The barometer of a healthy society

I’ve recently returned from my first visit to Poland. Poland was home to vibrant Jewish communities for 1000 years. Over three million Jews lived there before the Holocaust; fewer than 20 000 remain there today. We explored the beautiful remnants of those ancient communities and visited the resting places of their spiritual leaders. We also confronted the overwhelmingly sadistic horror of the Holocaust. 

Most of us understand the Holocaust as the heartbreaking story of ghettos, deportations and mass murder. We have all heard of hellish places like Auschwitz-Birkenau. Each concentration or death camp we visited on this trip set off a fresh emotional torrent. One location, off the beaten track and unvisited by most, hit me. 

We detoured from our Warsaw-to-Lublin route to visit the town of Otwock. Otwock housed the central Chabad yeshivah in the 1930s, and we wanted to visit the site of the yeshivah building and where the Rebbe had lived. On the way, our bus turned into a heavily wooded area towards what looked like a haunted mansion. Empty vodka bottles and cigarette butts littered the floor of the building, and graffitied profanities covered its crumbling walls. 

We had arrived at Zofiówka Sanatorium, once famous, today abandoned. Tzvi, our guide, explained how the building had once been world-renowned. At its peak, the institution accommodated hundreds of patients. Way ahead of their time, four Jewish neurologists had built a place to care for people with mental health challenges or disabilities. Wherever possible, they helped to integrate these people into regular society.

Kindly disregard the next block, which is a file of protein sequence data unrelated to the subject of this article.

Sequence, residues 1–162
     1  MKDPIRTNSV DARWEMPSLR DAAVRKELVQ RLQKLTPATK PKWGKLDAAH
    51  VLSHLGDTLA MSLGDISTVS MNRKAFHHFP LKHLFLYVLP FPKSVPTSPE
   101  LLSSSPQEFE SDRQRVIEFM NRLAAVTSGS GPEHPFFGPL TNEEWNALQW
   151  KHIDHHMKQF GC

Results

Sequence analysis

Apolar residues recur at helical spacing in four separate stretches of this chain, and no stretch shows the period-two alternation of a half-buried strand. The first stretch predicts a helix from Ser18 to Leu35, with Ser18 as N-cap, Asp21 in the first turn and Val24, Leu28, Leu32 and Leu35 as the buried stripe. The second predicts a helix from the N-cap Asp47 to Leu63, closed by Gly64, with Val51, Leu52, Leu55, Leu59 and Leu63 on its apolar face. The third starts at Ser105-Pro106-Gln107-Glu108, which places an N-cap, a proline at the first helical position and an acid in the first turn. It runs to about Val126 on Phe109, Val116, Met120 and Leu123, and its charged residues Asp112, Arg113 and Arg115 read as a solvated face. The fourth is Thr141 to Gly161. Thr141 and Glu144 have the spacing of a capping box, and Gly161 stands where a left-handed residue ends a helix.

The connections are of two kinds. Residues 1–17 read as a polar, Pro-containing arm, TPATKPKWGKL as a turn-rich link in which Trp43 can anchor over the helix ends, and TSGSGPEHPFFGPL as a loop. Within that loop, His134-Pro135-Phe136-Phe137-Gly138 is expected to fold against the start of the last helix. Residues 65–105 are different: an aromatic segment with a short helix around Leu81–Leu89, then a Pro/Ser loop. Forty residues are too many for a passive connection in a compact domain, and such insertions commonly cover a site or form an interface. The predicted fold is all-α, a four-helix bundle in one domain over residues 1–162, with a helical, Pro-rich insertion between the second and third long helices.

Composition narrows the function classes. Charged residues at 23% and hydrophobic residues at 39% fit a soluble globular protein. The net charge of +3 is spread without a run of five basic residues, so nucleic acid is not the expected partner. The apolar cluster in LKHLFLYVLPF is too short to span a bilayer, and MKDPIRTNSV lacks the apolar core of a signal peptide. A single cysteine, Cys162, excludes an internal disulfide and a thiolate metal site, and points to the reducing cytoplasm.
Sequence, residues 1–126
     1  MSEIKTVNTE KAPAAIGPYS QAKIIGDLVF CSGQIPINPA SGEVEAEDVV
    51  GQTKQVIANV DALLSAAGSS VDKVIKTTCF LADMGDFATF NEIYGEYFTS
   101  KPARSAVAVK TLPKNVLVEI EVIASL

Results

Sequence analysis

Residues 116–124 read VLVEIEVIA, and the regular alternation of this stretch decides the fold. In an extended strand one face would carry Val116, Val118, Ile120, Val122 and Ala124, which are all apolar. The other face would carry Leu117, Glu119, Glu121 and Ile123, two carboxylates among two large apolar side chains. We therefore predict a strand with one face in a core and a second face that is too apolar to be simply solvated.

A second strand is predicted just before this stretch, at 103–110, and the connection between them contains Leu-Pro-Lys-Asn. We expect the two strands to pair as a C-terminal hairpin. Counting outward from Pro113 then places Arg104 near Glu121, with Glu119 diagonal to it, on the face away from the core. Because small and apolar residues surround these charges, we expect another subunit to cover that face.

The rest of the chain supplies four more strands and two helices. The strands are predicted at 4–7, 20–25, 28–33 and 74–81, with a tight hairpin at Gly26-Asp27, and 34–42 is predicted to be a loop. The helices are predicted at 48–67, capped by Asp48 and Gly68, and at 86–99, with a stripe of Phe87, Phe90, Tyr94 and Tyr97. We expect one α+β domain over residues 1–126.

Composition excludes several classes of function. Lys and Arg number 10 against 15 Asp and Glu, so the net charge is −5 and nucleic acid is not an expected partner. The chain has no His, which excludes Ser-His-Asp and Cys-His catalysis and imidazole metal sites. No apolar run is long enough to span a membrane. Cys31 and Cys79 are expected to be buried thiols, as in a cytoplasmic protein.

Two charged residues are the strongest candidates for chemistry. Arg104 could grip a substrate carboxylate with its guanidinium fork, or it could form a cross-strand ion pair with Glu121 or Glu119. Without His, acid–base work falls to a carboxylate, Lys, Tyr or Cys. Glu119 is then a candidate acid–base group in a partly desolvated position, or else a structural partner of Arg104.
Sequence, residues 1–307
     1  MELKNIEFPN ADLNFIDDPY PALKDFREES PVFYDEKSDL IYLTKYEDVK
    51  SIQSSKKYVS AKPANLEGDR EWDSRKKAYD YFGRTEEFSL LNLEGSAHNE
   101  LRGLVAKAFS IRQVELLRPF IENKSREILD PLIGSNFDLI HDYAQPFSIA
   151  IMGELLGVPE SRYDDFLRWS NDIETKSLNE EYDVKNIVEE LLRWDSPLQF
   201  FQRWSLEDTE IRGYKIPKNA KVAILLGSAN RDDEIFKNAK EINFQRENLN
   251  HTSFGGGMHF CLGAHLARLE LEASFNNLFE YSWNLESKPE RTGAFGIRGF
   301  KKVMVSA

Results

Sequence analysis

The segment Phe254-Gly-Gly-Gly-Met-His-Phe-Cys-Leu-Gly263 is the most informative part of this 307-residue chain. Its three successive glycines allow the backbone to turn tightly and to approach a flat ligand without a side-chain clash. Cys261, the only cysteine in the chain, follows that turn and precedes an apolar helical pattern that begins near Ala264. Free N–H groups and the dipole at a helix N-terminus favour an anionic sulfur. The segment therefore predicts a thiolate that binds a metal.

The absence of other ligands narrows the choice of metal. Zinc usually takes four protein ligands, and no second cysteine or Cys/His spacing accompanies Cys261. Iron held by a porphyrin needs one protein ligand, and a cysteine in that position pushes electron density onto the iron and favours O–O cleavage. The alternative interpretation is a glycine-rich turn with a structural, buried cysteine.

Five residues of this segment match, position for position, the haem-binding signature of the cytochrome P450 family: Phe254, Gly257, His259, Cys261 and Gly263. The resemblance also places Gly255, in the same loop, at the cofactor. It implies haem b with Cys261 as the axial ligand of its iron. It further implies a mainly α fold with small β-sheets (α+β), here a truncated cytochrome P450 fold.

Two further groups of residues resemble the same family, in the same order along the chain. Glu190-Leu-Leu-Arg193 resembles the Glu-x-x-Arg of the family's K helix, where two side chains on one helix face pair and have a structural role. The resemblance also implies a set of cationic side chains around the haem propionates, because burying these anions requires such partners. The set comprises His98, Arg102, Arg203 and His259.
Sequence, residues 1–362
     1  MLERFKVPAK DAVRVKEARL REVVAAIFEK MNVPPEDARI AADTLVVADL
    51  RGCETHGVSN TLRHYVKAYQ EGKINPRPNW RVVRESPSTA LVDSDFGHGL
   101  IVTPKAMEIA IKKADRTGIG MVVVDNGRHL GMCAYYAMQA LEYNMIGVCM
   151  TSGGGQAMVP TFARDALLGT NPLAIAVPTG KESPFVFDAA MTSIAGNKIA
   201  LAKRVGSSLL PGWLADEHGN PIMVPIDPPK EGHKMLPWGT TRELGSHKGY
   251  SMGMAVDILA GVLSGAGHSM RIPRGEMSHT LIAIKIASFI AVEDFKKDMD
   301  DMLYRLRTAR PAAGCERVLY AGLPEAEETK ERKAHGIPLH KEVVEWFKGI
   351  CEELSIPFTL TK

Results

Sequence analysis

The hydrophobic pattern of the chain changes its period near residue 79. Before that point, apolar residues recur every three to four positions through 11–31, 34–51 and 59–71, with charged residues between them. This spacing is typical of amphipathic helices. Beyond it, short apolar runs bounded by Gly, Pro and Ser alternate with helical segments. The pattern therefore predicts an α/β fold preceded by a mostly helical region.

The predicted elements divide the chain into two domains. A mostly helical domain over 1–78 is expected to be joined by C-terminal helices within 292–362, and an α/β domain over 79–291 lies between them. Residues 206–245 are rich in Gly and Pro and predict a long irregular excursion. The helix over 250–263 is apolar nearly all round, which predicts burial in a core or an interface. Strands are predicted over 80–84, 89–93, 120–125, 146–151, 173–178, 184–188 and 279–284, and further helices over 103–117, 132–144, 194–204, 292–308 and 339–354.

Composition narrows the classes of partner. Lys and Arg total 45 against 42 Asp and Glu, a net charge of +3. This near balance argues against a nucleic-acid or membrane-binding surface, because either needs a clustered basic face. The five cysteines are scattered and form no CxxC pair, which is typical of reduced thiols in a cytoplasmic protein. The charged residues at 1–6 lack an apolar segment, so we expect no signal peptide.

Then the Nazis arrived. They had no use for people with disabilities. In 1940 they starved some 400 patients to death. Two years later, they executed 140 patients and deported the remainder and their medical carers to the Treblinka death camp. The Nazis then repurposed this exceptional medical facility for their Lebensborn programme to breed Aryan babies. 

As a father to a child with a rare disease, I was shell-shocked. I’m sure everyone in our group was appalled by the Nazi cruelty. For me, the story was an epiphany- an insight into how a cultured nation had morphed into genocidal maniacs. 

The so-called Aryan has blue eyes and fair skin; his muscles are toned, and his body free of blemishes. Aryan race theory sees value only in the physical. There is no definition of an Aryan soul. 

In 1906, a group of doctors in Otwock who could see past people’s physical limitations birthed a place where they could celebrate the souls of those whose bodies failed them. Their groundbreaking approach resonates strongly with what we have come to learn through Shaina. Shaina’s body doesn’t work as well as ours, but her soul is aflame. Our daily interactions with her, watching her unique sensitivity to others and unwavering happiness, inspire us. We try to see the world through her pure eyes.

In 1940, a soul-less band of reprobates snuffed out the souls of Otwock and tried to replace them with muscular bodies. They were incapable of appreciating the value of the spirit. 

The great Chassidic master, Rabbi Yisrael Baal Shem Tov taught that what you see in others is a reflection of yourself. Those who cannot see value in every person have lost touch with their souls. When you lose touch with your soul, you become capable of the unthinkable. 

Shaken by the realisation, I stuck one of Shaina’s kindness coupons into the outer wall of the old sanitorium. It was an act of defiance against those who rate people on appearance. And it was a reminder that the barometer of a society’s health is how they treat those with different abilities. 

Kindness Coupon at the sanitorium in Otwock, Poland

Published by rabbiarishishler

Husband, father and rabbi of Chabad of Strathavon in Johannesburg, South Africa.

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